why is divorce expensive

How Much Does a Divorce Cost In California?

Goldberg Jones Divorce, Divorce & Finances Leave a Comment

This is one of the most common questions we hear. Often people are frustrated when we answer, “That depends,” but it does. Unfortunately, divorce can be a complex issue with a plethora of factors that will drastically affect the cost—making it difficult to estimate the final expense.

Average Cost of Divorce In CA

The average cost of a divorce in California hovers around $17,500.

And that’s to end a marriage without any children. With kids that average takes a significant jump to $26,300.

Kids complicate matters in divorce. When deciding things like custody, visitation, child support, and all the other related issues, you have so much more to deal with. As a result, the process winds up taking more time.

This is a prime example of a point that we return to with our clients often: The more you have to deal with, the longer it will likely take and the more it will likely cost.

Children illustrate this point beautifully, but you also have other things to contend with. If you have a lot of shared property, it’s a long-term marriage, or if you have a ton of conflict and can’t agree on anything. All of those factors tend to drag out the divorce process. And again, the longer it takes, the more money it usually costs.

This ballpark range is strictly an estimate. Complex, highly contentious cases often end up costing hundreds of thousands of dollars. That’s worst-case scenario, but it does happen.

Related Reading: Mediation Versus Arbitration

Costs and Fees

All cases will incur an initial filing fee. In San Diego and the rest of California, this costs $435. Beyond that, any additional motions come with a fee. The same goes for responding to motions your ex files. And this doesn’t include the cost of your divorce lawyer if you have one.

While those numbers can be intimidating, you do have some control over how much a divorce will cost. The more issues that you are able to reach an agreement with your spouse, the less expensive the divorce will be.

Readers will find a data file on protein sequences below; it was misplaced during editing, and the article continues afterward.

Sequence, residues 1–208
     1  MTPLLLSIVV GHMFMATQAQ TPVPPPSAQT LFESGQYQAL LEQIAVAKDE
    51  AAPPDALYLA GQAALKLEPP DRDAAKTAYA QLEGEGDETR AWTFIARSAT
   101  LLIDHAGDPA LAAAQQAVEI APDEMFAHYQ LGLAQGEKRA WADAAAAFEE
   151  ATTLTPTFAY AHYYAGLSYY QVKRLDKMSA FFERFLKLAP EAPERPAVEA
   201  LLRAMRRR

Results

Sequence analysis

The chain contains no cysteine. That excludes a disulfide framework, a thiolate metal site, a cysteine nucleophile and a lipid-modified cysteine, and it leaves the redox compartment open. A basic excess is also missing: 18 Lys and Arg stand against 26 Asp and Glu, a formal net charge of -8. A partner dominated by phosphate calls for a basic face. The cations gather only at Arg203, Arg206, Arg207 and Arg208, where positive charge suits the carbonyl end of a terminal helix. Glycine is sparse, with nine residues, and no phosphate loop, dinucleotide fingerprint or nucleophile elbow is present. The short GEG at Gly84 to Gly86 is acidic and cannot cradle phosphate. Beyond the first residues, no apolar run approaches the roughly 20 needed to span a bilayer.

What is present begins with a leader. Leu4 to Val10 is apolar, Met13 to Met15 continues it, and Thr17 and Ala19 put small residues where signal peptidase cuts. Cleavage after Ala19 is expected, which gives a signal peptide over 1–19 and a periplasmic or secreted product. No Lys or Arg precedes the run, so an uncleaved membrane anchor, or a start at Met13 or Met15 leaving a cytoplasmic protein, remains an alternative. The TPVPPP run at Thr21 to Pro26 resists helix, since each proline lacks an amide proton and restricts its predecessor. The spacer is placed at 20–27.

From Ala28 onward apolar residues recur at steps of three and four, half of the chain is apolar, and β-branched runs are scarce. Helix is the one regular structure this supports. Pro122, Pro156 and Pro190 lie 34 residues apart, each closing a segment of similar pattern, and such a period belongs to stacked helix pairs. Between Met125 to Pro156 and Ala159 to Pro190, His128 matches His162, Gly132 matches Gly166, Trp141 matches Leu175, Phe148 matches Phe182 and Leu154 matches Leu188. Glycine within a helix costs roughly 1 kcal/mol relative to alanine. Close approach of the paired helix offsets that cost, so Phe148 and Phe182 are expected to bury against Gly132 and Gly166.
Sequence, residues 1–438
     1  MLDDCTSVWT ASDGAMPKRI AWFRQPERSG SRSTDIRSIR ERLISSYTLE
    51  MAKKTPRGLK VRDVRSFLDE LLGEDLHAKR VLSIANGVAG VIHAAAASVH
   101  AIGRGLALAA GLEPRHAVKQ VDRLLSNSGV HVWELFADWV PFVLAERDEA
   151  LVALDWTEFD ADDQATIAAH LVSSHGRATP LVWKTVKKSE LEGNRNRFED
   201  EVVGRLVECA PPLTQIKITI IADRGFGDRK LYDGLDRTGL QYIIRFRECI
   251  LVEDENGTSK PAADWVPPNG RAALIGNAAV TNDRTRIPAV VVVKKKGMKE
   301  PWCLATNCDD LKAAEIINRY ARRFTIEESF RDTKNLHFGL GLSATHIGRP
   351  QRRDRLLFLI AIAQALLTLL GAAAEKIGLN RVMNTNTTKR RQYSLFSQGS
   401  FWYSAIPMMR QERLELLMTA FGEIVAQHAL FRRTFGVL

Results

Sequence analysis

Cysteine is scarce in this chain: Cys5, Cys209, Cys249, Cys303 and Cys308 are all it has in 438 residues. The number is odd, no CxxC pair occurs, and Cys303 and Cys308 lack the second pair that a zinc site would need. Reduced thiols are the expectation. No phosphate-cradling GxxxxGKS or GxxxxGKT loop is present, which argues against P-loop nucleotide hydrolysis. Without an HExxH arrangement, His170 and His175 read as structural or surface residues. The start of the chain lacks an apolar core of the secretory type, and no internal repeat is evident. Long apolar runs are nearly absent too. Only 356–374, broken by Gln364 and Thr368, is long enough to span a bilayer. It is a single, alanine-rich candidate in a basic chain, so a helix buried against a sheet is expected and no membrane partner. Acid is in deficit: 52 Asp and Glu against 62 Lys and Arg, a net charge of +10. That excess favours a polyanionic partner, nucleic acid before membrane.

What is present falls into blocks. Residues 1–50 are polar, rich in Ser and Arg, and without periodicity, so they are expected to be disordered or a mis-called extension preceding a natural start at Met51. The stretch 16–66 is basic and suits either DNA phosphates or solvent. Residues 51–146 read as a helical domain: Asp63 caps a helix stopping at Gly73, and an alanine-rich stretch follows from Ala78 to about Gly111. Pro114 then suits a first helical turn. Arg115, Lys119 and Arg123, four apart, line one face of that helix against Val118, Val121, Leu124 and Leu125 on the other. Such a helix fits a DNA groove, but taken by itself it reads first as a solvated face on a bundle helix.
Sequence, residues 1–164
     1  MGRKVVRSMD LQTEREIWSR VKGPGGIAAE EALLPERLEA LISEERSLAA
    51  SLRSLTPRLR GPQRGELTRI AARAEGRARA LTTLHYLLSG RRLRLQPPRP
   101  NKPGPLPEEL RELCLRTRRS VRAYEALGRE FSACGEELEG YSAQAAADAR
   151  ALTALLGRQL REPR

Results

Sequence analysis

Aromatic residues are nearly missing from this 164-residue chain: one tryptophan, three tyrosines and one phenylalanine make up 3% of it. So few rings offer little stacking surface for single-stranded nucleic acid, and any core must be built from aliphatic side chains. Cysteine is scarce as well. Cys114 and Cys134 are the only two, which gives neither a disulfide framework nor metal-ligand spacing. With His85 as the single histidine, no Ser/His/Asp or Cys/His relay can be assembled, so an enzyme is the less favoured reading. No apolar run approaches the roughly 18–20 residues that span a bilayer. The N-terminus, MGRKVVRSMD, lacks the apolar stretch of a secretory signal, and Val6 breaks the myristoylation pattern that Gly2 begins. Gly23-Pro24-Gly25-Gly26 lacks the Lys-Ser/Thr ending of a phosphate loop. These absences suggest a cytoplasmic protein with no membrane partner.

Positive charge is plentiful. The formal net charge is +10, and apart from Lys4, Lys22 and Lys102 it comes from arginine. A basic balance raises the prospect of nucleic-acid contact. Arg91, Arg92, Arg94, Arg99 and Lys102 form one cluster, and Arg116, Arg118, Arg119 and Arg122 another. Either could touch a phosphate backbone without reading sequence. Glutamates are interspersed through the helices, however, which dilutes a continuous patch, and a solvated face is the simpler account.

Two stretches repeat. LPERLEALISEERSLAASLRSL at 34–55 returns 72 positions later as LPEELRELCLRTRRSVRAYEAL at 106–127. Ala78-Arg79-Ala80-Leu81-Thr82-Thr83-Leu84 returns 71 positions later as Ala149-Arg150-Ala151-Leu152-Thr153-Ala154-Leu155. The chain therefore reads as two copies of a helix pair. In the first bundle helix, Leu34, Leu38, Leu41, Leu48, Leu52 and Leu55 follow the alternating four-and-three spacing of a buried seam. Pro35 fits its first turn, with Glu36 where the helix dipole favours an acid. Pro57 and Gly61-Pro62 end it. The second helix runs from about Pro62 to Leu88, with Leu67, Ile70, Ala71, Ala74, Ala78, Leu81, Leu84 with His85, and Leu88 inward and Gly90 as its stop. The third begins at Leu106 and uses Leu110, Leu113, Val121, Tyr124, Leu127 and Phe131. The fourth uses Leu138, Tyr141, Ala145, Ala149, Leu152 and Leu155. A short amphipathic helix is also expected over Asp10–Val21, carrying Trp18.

Negotiating an agreement often requires the suspension of emotions and relying on a logical approach for dividing assets, debts, and parenting time.

All too often, we see parties blinded by emotions spend thousands of dollars to “win” a piece of property that could have been replaced for a couple hundred dollars.

There are some costs that are incurred in almost every divorce and others that are required only under special circumstances.

Related Reading: Types Of Legal Separation

Costs of Common Experts in a Contested Divorce Proceeding

Divorce cases also often include input from various evaluations and testimony from experts. Many don’t, but others do, which gets expensive in short order.

Here is a list of the common experts required in a divorce and an estimate of the cost of their services. These are mere estimates, and the fees vary a great deal depending on the provider. Still, they some cost hundreds or even thousands of dollars.

  • Vocational Evaluation $1,500
  • Custodial Evaluation $2,500 to $7,000
  • Minor’s Counsel $2,000 to $5,000
  • Forensic Accountant $5,000
  • Special Master $2,500 to $5,000
  • Home appraiser $350
  • Personal Property Appraiser for collectibles, art, etc. $100+ per hour
  • A computer expert for data recovery and discovery $75+ per hour
  • Court Reporters and transcripts $0 to $2,500
  • Process server $75 to $400
  • Private investigator $300 to $3,500
  • Mediator $150+ per hour
  • Financial Planner or accountant $60+ per hour

Divorce isn’t cheap and the consequences of trying to save a little money now can sometimes cost you more down the road. With many divorces, you only get one shot to create an agreement that you will have to live with for many years.

Issues like spousal support can rarely be modified. Child support and custody arrangements are also challenging to modify once the parenting plan has been finalized.

The best way to reduce the cost of your divorce is to educate yourself on your rights and understand what to expect from the divorce process.

Related Reading: Divorce Discovery Tools

Actual Case Files: Uncontested Vs. Contested Divorce

Leave a Reply

Your email address will not be published.